“One Art” Summary

One Art” is a villanelle written by American poet Elizabeth Bishop and originally published in 1976.

  • Describing losing as an art that can be easily mastered, the poem’s speaker lists various things that can be lost without “disaster,” including keys, hours, names, and places.
  • The speaker then describes more significant things she has lost, such as her mother’s watch and three houses, as well as more symbolic things, such as cities and a continent.
  • In the final stanza, the speaker directly addresses a loved one, forcing herself to write that even losing this beloved person wouldn’t be disastrous.

Summary

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Last Updated on August 2, 2021, by eNotes Editorial. Word Count: 670

Introduction 

"One Art" is a villanelle (a nineteen-line poem comprising five tercets and a quatrain) written by Elizabeth Bishop and first published in 1976. Frequently included in collections of women's and lesbian poetry, the poem is believed to be primarily about Bishop's fear of losing her domestic partner, Alice Methfessel....

(The entire section contains 670 words.)

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Introduction 

"One Art" is a villanelle (a nineteen-line poem comprising five tercets and a quatrain) written by Elizabeth Bishop and first published in 1976. Frequently included in collections of women's and lesbian poetry, the poem is believed to be primarily about Bishop's fear of losing her domestic partner, Alice Methfessel. An alcoholic, Bishop—who was sixty-five at the time of writing this piece—frequently expressed her regrets about how her addiction affected her life through the medium of her poetry.

Summary

In the opening tercet, or three-line stanza, of the poem, the speaker begins by declaring that it is not difficult to master "the art of losing." She does not specify, at this point, whether she means losing competitions, things, or people, but she observes that many things in life are seemingly meant to be lost. Because that "intent" is already there, it does not, therefore, seem like "disaster" to lose these things.

In the second tercet, the speaker issues what appear to be a series of instructions for mastering the so-called "art of losing." She suggests that it is something one can practice, by losing something "every day." She goes on to suggest that, although losing things causes us to feel a "fluster," we must simply "accept" this. We may lose our door keys, or we may lose an hour because we have not used it well, but these are things which we can simply resign ourselves to. The final line of this tercet is an echo of the opening line of the first and underscores the speaker's point: "The art of losing isn't hard to master." Having just outlined some simple steps for "mastering" losing in the second tercet, the speaker now reiterates her point that this is not an impossible thing to learn.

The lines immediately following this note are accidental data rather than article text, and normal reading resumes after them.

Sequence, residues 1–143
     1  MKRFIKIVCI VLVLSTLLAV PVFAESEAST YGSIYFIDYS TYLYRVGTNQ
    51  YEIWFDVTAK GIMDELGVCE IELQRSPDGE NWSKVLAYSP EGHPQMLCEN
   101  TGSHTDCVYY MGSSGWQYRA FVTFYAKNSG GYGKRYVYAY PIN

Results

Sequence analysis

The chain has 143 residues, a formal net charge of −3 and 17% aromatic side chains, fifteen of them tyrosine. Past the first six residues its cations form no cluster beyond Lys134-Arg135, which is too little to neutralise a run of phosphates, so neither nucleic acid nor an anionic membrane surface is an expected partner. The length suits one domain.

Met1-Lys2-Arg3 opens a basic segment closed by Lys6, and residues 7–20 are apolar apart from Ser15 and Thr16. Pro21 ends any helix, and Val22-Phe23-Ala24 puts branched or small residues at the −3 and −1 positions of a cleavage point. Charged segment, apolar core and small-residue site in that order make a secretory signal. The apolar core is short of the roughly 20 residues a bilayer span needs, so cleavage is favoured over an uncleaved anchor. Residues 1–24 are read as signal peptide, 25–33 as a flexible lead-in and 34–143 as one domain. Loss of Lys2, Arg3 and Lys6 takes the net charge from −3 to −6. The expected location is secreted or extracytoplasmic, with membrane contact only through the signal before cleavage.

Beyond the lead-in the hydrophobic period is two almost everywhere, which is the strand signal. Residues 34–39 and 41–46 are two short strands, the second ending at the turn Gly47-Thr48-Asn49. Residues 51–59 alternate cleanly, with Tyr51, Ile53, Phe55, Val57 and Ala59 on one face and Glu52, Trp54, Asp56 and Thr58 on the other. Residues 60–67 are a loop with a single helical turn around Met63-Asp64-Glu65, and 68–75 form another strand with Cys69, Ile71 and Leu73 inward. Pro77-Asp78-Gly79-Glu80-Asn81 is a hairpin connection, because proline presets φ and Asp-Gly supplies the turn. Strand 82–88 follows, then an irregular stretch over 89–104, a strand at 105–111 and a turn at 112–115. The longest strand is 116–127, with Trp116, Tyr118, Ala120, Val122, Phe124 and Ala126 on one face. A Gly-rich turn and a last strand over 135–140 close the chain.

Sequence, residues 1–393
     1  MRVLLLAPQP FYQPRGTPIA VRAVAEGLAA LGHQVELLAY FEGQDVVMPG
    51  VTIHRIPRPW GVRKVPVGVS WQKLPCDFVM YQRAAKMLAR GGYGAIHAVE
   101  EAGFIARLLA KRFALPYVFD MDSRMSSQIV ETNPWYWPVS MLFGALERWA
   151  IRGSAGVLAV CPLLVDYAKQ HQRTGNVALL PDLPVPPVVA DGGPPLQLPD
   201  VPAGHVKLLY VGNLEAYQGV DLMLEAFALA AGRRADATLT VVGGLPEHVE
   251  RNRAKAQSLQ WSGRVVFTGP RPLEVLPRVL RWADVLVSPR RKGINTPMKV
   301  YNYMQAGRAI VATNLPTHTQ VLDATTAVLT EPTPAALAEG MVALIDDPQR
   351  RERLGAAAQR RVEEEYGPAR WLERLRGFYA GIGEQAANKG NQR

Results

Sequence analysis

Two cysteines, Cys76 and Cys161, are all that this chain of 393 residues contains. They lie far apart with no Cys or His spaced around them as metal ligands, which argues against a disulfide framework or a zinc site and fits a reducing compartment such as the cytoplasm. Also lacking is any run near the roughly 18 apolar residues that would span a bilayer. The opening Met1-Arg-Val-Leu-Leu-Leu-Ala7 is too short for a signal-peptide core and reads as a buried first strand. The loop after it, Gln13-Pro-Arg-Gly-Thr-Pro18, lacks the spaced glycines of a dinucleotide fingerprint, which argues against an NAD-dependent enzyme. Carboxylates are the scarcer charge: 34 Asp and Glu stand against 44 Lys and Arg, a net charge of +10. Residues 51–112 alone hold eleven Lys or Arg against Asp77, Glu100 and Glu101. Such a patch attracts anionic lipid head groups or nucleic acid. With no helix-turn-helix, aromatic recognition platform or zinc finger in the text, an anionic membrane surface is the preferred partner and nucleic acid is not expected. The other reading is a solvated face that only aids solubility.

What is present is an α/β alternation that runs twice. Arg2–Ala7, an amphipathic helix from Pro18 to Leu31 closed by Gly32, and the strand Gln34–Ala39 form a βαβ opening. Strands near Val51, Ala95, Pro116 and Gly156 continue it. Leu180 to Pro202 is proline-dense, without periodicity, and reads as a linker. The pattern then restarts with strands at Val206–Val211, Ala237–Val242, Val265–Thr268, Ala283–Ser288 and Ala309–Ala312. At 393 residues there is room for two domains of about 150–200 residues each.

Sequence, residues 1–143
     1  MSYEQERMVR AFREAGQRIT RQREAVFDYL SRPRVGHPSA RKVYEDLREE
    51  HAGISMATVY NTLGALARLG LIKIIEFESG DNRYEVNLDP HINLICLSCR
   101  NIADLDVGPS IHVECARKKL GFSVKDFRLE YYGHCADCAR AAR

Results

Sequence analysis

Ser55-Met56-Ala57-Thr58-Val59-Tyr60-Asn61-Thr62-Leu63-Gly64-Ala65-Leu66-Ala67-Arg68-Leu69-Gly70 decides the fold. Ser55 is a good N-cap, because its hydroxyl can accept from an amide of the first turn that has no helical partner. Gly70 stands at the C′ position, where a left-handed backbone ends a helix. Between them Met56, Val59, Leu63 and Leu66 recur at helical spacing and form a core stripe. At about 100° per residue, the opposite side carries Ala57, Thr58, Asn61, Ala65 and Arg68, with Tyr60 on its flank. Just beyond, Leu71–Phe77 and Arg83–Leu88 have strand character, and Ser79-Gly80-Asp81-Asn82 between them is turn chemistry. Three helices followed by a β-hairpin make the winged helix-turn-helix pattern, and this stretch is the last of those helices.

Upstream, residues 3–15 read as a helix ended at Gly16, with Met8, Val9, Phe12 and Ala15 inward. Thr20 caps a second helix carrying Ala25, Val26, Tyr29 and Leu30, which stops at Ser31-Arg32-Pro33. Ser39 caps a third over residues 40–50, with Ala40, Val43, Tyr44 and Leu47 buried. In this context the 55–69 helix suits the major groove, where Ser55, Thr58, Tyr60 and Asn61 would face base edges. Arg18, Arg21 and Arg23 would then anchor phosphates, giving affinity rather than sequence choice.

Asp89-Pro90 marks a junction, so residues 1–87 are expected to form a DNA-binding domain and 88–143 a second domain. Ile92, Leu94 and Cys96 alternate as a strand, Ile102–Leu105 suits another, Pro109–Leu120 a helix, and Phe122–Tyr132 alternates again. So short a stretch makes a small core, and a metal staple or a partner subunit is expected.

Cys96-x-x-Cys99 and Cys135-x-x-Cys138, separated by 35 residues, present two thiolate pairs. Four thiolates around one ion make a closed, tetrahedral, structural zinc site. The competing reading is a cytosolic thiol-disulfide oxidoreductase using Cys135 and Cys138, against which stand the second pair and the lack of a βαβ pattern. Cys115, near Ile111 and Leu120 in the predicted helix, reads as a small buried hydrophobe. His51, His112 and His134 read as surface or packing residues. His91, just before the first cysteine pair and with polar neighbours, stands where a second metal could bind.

The third tercet continues to play with this idea of losing as an "art" which can be learned, with Bishop suggesting that one should now begin to practice "losing farther, losing faster." She then offers some illustrations of things one could lose at this more advanced level: names, places, and "where it was you meant / to travel." These are more significant things to lose than door keys or an hour of one's day, but still, the speaker repeats, none of these things will actually cause "disaster" if they are lost.

In the next tercet, Bishop's speaker offers some examples of some of the larger things that she, as a master of the art of losing, has lost. The first is her mother's watch, obviously an item of particular significance. Next, she invites the reader to "look!" at the house, the last "or next-to-last" of three much loved ones, which she has lost. She reiterates once again that it is not difficult to master the art of losing, as these two significant losses indicate.

The following tercet builds upon the fourth one to describe some far "vaster" things the speaker has lost. These seem to be metaphorical losses: the speaker describes how she has lost two "lovely" cities and also some "realms" which had belonged to her. She has also lost "two rivers, a continent," but, she claims, this has not been a "disaster" to her. She may miss these things, but because she is so adept at the art of losing, their loss is not disastrous.

The final stanza of the poem, in keeping with the villanelle form, is a quatrain. Throughout the poem, the losses have been cumulatively becoming more significant: now, the speaker talks about "losing you" and suggests that even if this happens, "I shan't have lied"—that is, it will still not have been difficult to cope with. Again, the speaker reiterates that the art of losing is not difficult to learn. However, the parenthetical instruction "(Write it!)," which seems to be addressed to the poet herself, suggests that these words are more easily written than believed. Although it may seem like a disaster, the poet is telling herself, it isn't one—but the parenthetical comment questions the truth of this.

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